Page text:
Sally Bridgeland, FIA and Prof. Amin Rajan, CEO of CREATE–Research

Despite the significant changes made to European pension business models since the financial crisis, a more fundamental behavioural shift is needed to address the yawning gap that exists between the rhetoric of governance improvements in recent years and their reality on the ground, according to Sally Bridgeland and Professor Amin Rajan in their paper entitled Governance practices: Bridging the gap between rhetoric and reality.

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The hidden trade-off in DC pensions

Zuhair Mohammed, Partner, Global Investment Practice, Aon Hewitt

DC investors are making a costly trade-off that many are completely unaware of. The focus on daily liquidity in DC pension products might provide member with the ultimate flexibility governments want them to have, but the vast majority of member neither use that flexibility nor realise the hidden cost at which it comes. Research points to a potential gain of five percent or more if DC pension pots were allowed to invest in illiquid assets.

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The third way: A hybrid model for pensions

David Villa, Chief Investment Officer and Chairman of the Investment Committee, State of Winconsin Investment Board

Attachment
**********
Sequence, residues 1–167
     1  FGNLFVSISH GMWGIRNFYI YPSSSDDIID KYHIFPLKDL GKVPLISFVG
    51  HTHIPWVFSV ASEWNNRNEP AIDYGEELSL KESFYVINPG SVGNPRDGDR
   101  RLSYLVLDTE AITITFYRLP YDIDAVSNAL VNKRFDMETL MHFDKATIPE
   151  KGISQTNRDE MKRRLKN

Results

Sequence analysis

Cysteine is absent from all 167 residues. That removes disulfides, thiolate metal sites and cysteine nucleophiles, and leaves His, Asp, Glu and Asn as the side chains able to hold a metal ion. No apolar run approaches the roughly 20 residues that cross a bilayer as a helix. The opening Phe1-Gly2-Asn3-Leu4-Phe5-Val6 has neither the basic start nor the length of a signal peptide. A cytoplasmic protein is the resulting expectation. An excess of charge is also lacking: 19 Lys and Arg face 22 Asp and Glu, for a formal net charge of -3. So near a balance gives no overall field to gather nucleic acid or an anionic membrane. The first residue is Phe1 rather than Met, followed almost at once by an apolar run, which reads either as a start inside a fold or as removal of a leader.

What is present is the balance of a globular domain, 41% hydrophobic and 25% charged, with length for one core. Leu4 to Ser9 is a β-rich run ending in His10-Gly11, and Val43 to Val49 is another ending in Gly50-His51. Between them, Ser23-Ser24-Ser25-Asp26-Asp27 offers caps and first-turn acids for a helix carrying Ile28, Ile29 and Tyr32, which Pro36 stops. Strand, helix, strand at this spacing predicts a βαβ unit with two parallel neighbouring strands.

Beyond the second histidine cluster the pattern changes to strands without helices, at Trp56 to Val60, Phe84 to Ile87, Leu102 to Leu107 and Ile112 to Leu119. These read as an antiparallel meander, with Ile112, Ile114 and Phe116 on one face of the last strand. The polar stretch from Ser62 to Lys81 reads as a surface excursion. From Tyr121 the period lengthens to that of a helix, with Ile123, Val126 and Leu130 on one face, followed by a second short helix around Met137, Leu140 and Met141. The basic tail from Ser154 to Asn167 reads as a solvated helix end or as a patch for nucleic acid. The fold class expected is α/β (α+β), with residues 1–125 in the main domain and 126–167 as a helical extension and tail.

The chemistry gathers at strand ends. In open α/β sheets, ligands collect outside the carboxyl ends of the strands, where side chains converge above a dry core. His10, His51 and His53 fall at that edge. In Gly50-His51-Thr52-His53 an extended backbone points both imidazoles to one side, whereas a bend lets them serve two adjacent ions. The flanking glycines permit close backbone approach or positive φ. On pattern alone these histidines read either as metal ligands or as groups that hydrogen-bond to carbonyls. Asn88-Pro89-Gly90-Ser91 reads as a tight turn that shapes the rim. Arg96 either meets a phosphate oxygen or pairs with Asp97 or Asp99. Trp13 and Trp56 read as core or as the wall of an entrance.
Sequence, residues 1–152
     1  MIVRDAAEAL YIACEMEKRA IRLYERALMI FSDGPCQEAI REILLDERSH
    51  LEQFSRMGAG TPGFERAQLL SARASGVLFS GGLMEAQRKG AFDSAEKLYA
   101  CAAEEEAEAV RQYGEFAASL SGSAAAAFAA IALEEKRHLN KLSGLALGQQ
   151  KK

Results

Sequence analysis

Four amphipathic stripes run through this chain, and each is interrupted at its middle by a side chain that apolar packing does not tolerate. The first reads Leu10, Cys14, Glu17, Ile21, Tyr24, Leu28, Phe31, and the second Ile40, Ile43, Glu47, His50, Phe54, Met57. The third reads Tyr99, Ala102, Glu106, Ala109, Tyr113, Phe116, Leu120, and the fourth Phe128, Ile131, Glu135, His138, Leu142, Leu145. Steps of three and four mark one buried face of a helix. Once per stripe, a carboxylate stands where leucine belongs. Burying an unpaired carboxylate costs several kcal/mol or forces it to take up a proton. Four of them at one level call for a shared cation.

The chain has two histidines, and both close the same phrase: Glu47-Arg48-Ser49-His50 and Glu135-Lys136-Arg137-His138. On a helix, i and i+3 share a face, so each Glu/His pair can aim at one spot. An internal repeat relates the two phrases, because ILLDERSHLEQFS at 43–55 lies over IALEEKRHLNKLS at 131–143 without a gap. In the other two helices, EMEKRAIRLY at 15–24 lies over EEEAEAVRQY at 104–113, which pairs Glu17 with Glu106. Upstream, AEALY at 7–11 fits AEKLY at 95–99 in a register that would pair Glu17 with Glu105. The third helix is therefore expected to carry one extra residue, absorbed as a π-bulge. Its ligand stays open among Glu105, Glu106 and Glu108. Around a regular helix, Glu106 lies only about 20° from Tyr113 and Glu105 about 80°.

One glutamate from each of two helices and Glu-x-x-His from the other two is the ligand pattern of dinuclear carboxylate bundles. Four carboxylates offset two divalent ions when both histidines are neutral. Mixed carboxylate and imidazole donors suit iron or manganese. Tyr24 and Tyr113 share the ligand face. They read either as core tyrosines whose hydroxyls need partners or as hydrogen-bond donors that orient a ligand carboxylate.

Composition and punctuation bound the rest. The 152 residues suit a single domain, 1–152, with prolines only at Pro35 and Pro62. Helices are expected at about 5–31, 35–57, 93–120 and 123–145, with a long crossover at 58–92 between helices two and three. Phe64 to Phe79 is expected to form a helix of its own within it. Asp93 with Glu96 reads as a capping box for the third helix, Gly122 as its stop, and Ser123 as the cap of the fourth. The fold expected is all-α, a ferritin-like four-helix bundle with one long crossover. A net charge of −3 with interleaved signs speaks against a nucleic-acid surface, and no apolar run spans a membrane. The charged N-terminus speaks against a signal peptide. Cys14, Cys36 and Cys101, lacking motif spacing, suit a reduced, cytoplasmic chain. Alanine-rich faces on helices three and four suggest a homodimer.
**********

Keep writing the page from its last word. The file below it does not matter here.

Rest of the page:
Conventional wisdom focuses on two structures for accumulating wealth to provide income for retirement: defined benefit and defined contribution pension schemes. In each case, ownership of both upside and downside risk sits firmly on one side of the table. There is little talk of alternative structures.

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Torn up tracks

Saker Nusseibeh, Chief Executive Officer, Hermes Investment Management

A few years ago, when the 300 Club was first established, the financial community still held
onto a belief that the economic and financial tools traditionally used for decision making
would be more than adequate to navigate the global economy’s return to safe harbour and
rebuild the financial system.

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The culture of sustainable investment performance

Roger Urwin, Global Head of Investment Content at Towers Watson

Peter Drucker famously said: “Culture eats strategy for breakfast.”